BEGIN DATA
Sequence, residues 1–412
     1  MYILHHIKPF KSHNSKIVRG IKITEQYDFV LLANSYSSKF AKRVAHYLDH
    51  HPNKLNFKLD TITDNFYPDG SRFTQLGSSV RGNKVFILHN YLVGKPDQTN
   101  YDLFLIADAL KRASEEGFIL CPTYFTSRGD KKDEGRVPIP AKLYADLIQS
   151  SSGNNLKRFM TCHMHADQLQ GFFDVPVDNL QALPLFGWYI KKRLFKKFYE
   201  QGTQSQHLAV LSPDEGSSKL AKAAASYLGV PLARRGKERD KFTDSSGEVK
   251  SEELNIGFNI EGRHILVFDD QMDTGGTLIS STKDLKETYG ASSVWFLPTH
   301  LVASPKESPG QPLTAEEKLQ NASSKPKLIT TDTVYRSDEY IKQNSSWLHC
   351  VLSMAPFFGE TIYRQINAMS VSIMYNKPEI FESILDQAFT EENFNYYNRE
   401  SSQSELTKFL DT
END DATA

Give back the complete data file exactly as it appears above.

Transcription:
Sequence, residues 1–412
     1  MYILHHIKPF KSHNSKIVRG IKITEQYDFV LLANSYSSKF AKRVAHYLDH
    51  HPNKLNFKLD TITDNFYPDG SRFTQLGSSV RGNKVFILHN YLVGKPDQTN
   101  YDLFLIADAL KRASEEGFIL CPTYFTSRGD KKDEGRVPIP AKLYADLIQS
   151  SSGNNLKRFM TCHMHADQLQ GFFDVPVDNL QALPLFGWYI KKRLFKKFYE
   201  QGTQSQHLAV LSPDEGSSKL AKAAASYLGV PLARRGKERD KFTDSSGEVK
   251  SEELNIGFNI EGRHILVFDD QMDTGGTLIS STKDLKETYG ASSVWFLPTH
   301  LVASPKESPG QPLTAEEKLQ NASSKPKLIT TDTVYRSDEY IKQNSSWLHC
   351  VLSMAPFFGE TIYRQINAMS VSIMYNKPEI FESILDQAFT EENFNYYNRE
   401  SSQSELTKFL DT